PetaPixel

iPad Offers Little for Photographers

Steve Jobs unveiled the Apple iPad today, igniting tech news with excitement, skepticism, and prolific ragging on its name.

Apple’s iPad marketing team insists that the iPad is a groundbreaking piece of technology, fusing laptop, smartphone, and e-reader capabilities.

It certainly appears to be innovative technology fit for the future. Brent Spiner, famous for his role as Data on Star Trek: The Next Generation, tweeted that the iPad looks like something from the Enterprise. Jason Kincaid of TechCrunch mused about all the possibilities the iPad opens for book publishers, interactive media, and most importantly, developers who can harness the power of the iPad app. Though old media (namely print) might continue to fall away, but if publications can tap into “hybridized content” – text, photos, video, interactive stories – they might even convince readers that their content is worth paying for.

However, before that conversation can even begin, is the iPad itself worth its weight in bills? TechCrunch also reports that the iPad appears to not run Flash and will only be offered through the 3G network of AT&T. Gizmodo has a running list of gripes against the iPad’s failings, including the fact that it does not have a built-in camera.

For photographers, the iPad might be a promising tool, but currently offers very little. Though Apple claims the iPad is “the best way to view and share your photos,” it appears to be a glorified interactive digital picture frame, or at best, a redesigned touch version of Apple’s Quick Look. All starting at $499.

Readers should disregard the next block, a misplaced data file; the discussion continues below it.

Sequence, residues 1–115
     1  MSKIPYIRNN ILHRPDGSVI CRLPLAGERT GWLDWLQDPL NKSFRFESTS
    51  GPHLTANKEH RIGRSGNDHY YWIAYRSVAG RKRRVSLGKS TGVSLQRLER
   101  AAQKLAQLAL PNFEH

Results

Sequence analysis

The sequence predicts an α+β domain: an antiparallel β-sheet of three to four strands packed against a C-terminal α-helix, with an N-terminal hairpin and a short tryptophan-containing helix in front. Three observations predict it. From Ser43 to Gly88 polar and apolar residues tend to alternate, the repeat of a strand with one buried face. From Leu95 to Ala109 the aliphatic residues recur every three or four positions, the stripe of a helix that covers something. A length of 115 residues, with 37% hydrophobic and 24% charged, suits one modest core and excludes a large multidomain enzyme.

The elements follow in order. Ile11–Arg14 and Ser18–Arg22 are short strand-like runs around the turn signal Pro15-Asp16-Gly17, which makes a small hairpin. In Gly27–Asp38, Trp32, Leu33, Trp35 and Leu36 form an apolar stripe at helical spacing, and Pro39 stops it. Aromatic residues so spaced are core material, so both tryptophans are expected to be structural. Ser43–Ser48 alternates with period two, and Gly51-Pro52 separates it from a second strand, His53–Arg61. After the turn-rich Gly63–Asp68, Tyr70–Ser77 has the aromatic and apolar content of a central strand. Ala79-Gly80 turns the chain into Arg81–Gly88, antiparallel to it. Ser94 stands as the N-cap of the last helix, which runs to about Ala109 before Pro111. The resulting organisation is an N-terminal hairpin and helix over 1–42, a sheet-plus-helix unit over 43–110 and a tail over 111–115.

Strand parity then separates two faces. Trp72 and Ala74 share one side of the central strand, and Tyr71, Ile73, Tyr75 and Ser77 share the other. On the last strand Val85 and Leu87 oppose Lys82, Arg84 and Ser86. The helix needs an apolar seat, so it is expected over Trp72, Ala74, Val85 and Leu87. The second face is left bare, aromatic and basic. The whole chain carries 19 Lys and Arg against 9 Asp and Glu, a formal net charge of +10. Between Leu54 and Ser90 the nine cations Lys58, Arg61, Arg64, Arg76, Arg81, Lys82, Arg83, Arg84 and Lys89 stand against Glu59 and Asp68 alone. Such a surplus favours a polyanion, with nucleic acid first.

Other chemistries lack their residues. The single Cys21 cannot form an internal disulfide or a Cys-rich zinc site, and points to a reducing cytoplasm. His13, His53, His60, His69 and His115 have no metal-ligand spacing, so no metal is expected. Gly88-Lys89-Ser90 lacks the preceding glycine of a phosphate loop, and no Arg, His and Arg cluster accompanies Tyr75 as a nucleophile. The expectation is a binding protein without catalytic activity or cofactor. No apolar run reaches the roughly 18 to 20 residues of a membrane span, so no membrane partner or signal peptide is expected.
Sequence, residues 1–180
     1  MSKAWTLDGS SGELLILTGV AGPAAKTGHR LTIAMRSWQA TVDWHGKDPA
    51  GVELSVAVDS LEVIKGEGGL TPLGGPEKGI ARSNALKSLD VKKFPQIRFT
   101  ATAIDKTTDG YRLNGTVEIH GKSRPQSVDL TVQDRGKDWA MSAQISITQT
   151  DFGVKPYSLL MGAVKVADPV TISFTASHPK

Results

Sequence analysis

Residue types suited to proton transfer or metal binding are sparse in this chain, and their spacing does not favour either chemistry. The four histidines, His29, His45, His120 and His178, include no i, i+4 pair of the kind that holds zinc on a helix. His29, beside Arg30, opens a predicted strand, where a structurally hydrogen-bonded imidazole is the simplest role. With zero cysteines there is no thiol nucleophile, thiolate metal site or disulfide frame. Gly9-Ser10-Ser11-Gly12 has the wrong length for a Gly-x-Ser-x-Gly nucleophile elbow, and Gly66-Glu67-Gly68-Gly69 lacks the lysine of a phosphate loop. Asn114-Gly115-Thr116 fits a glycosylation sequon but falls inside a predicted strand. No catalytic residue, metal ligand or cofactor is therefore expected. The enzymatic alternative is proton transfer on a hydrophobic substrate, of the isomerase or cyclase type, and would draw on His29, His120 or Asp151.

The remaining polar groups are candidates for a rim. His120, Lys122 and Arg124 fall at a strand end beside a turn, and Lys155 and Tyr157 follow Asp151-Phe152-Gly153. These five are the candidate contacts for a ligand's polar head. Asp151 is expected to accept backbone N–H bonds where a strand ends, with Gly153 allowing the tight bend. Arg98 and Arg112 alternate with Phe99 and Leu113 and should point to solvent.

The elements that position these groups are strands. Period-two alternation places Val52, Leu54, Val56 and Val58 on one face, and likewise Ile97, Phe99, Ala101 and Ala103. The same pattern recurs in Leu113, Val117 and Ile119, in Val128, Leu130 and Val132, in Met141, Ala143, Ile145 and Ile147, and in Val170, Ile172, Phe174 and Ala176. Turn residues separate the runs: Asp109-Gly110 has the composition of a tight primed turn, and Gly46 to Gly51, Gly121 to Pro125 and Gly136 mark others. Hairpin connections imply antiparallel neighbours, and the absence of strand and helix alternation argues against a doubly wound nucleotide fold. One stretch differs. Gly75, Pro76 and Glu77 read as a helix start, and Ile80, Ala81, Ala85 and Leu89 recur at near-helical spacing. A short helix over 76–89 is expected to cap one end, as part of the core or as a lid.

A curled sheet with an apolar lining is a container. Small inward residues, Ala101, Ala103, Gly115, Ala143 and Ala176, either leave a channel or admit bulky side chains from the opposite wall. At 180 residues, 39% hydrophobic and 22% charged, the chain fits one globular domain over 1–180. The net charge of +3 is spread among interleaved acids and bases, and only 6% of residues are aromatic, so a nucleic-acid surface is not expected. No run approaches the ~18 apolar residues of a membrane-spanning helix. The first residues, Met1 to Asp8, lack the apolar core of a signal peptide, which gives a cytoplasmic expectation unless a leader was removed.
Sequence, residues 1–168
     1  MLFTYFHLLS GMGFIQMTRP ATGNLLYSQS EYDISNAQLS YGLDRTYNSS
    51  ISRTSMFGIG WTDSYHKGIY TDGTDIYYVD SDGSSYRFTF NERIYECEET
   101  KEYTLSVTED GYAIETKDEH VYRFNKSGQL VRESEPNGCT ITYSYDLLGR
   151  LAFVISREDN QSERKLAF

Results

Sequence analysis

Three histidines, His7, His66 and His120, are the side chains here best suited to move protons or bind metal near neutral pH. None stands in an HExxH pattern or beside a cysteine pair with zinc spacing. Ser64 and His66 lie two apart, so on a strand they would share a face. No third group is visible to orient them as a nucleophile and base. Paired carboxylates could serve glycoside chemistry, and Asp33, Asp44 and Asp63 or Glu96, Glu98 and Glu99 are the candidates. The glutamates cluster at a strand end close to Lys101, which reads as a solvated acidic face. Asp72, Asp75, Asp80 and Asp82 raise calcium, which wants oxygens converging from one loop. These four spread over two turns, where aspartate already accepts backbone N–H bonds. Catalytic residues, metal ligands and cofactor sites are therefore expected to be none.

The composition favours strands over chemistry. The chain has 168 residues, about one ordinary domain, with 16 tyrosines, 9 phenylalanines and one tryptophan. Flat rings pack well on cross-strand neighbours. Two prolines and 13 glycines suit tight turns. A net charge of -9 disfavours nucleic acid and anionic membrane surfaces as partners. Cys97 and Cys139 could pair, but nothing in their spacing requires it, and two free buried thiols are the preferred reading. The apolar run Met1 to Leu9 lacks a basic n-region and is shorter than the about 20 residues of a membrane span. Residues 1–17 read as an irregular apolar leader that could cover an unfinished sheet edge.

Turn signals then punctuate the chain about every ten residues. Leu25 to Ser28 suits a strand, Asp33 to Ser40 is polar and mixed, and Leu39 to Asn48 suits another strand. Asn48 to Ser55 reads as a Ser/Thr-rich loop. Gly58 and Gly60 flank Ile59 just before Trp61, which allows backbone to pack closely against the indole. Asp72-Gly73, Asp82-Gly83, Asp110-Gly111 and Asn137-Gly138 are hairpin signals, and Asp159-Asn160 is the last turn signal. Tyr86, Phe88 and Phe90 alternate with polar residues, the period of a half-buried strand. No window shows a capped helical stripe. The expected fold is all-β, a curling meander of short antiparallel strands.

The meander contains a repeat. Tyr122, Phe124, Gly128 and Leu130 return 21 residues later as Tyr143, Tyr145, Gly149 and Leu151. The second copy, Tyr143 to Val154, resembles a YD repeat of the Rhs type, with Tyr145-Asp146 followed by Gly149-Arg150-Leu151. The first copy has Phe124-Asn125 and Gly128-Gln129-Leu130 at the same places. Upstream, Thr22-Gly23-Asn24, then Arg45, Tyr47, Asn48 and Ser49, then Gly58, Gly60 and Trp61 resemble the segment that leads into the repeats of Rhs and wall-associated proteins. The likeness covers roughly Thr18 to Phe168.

The Apple website hails the iPad as being “the best way to experience the web, email, photos and video. Hands down,” but reveals that the only way to get photos onto the iPad is by syncing with a computer, downloading from email, or purchase the Apple Camera Connection Kit separately. Extra cost just to take advantage of the advertised feature? Sounds like a deal breaker.


 
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  • http://www.canon5dtips.com/ Alain

    humm.. seems like you are hunting for controversy here. You dont have to pay extra to view pictures on the iPad, just to download a SD card into it.

    And it does promise a lot for photographers! My iPhone is currently my best selling tool for portraits. The screen might be small and not 16bit colors, it is irrelevant! The fact that it is always with me brought me more business than any other tool I used, including my website!

    So now imagine the same pictures but on a much bigger screen! This thing will pay for itself in less than a week! I am sure the first that I use it on the bus, someone will ask me about it, I will show the picture, say I am a photographer and voila!

    Also, you dont need AT&T to have 3G, it comes unlocked. You can use the carrier you want, it is just that if you go with AT&T you get a very good data plan.

    People expected the iPad to have all the bells and gadgets. I wish it had a camera for live chat over skype but it does not. Maybe next version…

  • http://www.canon5dtips.com/ Alain